Abstract

This paper discusses the use of organic acid as a stimulation fluid in carbonate formations. Organic acids such as acetic or formic acid have been used for many years as alternatives to HCl, due to the retarded reaction rate, low corrosivity and reduced tendency to form acid-oil sludge in asphaltene rich crudes. In Venezuela, organic acids were pumped in acid fracturing treatments in deep hot limestone formations. Case histories are discussed in the paper. Although these treatments were very successful, optimization of the design was hampered by the fact that models for organic acid-carbonate spending did not exist.

In this paper a new model for acid spending is proposed that can be used for strong acids (HCl) and for weak (organic) acids and also for acid mixtures. Compared to existing (HCl) models the only new element is the acid dissociation constant, describing the differences between strong and weak acids. The model was verified by comparing simulated reaction rates with rates actually measured in the laboratory with the rotating disk. Results of acid fracture simulations, comparing etched length and width of organic acid with HCl acid are also discussed in this paper.

Introduction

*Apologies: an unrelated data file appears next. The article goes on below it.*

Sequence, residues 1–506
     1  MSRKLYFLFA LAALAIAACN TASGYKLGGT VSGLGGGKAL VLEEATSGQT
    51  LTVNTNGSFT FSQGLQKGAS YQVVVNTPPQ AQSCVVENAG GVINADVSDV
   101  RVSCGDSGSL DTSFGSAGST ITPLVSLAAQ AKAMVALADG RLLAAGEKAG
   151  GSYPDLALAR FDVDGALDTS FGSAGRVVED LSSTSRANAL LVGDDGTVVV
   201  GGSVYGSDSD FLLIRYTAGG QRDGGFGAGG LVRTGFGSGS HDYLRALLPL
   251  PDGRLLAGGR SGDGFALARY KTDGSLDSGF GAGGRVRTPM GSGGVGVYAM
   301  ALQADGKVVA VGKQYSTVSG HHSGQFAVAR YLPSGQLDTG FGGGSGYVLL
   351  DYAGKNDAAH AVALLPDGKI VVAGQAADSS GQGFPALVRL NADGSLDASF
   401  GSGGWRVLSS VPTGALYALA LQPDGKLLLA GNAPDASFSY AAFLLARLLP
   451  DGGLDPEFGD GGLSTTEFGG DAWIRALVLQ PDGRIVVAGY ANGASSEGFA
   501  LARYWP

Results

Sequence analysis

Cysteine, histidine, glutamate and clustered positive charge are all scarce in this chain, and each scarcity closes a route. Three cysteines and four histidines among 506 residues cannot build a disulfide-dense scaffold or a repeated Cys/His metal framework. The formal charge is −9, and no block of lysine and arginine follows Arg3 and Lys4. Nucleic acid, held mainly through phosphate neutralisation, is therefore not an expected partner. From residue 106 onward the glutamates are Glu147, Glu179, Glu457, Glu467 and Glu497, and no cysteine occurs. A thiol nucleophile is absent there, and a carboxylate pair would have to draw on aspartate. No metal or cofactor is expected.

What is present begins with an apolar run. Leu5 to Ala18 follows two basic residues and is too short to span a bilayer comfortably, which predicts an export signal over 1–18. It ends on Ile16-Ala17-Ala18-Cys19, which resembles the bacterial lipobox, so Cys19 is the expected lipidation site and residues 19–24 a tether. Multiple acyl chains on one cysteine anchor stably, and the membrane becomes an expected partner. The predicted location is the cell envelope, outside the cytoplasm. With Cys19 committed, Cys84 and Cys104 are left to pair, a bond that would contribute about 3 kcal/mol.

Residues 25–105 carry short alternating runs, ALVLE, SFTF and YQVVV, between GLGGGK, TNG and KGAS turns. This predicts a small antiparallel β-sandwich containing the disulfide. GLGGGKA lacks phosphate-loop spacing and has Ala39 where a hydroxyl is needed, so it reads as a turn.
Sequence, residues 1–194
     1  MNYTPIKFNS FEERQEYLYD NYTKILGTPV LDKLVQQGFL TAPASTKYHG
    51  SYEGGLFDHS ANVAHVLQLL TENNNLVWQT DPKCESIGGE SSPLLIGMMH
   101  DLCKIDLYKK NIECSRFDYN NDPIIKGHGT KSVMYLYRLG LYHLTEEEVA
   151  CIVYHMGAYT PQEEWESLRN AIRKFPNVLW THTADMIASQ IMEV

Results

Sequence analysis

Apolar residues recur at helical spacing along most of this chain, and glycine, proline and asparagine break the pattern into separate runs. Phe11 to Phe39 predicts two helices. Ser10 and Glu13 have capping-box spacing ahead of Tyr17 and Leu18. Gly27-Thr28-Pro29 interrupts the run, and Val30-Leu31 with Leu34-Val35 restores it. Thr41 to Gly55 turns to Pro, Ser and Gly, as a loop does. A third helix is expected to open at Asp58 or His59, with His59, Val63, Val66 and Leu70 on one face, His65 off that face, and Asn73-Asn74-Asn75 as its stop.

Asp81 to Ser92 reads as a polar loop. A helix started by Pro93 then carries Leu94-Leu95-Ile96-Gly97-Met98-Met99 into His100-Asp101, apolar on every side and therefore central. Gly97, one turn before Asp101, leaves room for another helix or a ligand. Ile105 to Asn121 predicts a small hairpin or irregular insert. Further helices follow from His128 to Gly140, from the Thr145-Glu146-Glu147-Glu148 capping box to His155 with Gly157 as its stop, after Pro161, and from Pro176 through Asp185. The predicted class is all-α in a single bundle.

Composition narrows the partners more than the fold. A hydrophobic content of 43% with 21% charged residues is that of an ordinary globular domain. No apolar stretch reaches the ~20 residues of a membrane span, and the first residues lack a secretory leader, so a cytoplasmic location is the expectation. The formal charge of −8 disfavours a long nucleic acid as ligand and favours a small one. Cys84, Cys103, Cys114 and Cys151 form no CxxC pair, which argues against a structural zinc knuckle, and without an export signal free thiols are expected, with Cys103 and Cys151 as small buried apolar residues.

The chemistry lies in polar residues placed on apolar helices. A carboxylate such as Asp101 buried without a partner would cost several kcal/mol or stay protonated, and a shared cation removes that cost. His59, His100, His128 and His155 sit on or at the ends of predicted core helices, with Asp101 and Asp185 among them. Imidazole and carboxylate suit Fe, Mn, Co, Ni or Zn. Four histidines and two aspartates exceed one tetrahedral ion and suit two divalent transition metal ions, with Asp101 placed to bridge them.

In most carbonate stimulation treatments, above and below fracturing pressure, hydrochloric acid (HCl) is pumped as the main stimulation fluid. HCl is cheap, it has a high rock dissolving power and the reaction products are usually soluble. However, the HCl-carbonate reaction is also fast, especially at the higher temperatures encountered down hole. The rapid HCl spending prevents deep penetration of acid into the formation. In matrix treatments this results in only short worm-holes or even compact dissolution with only marginal skin decrease. In acid fracturing treatments it results in poor etched length, often considerably less than the fracture half-length created with the pad fluid. Other disadvantages of HCl are excessive tubing corrosion and associated high cost of inhibition and the tendency to form acid-oil sludge in asphaltene rich crudes.

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